He continued: “For the restoration of the indissolubility of marriage, it is necessary to first restore in countless souls a longing for seriousness, austerity and mortification. Yes, and also for something else, which is expressed by a word as sweet as a honeycomb and as perfumed as a lily and that, nonetheless, detonates today like a bomb. That word is purity. It is followed closely by its two sisters, no less sweet, no less gentle, but with a an even greater power of explosion. They are virginity and honor.”

The photo-illustration on the front cover of Polonia Christiana, considered under the light of the principles just enunciated, is nothing less than a great affront to Prof. Plinio’s counter-revolutionary school of thought. For that article tacitly induces the reader to accept today’s vulgarity of customs expressed in the dress and ways of being of those three persons on the cover. It also prompts the reader to wonder if the boy is the only child of the couple, which implies that the couple practices contraception.

One sees that there is a cultural and moral relativist message wrapped in that photo, which is precisely the opposite of what one should expect from those who are called to be the spearhead of the Counter-Revolution.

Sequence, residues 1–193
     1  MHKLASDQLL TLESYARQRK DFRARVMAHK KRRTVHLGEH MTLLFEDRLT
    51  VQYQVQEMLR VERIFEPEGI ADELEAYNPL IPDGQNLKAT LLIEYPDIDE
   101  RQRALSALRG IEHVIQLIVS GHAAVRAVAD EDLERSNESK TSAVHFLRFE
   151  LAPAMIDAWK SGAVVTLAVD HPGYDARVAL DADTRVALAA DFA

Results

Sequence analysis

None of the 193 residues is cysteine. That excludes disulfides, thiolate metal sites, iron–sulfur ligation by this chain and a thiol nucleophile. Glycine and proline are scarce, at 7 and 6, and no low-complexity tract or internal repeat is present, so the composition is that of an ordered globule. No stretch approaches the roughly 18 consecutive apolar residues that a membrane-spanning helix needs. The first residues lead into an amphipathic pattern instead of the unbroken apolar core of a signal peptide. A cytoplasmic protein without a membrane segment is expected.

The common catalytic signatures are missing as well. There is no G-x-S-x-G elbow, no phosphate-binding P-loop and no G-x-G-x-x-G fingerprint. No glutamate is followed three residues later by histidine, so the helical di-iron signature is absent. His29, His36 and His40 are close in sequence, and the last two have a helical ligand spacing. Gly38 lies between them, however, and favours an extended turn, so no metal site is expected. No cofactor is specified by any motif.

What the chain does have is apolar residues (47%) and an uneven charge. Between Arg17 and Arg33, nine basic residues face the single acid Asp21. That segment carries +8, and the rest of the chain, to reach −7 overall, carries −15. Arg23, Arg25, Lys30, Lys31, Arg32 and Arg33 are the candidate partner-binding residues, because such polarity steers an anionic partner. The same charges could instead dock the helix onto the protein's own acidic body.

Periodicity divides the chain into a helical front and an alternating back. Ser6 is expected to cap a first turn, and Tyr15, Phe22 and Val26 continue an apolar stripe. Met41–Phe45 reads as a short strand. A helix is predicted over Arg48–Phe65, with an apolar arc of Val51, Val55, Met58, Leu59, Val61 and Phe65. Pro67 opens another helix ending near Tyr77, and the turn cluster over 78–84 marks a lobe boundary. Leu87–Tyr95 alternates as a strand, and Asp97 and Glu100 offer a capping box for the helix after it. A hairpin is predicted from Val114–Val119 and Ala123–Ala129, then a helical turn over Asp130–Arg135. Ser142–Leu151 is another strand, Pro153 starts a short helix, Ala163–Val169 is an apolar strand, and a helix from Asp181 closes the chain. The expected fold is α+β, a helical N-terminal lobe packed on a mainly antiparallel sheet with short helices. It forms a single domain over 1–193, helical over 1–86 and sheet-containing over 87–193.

In brief, the message on the cover of this issue of Polonia Christiana is in blatant contrast with the principles that inspired many years of commentaries by Prof. Plinio in his Ambiences, Customs & Civilizations column in the monthly Catolicismo.

cultural revolution

A relativist message wrapped
in the cover photo


Blason de Charlemagne
Follow us

Posted October 17, 2018

Related Topics of Interest

Related Works of Interest

A_civility.gif - 33439 Bytes A_courtesy.gif - 29910 Bytes A_family.gif - 22354 Bytes
C_RCRTen_B.gif - 6810 Bytes Button_Donate.gif - 6240 Bytes C_WomenVatII_R.gif - 6356 Bytes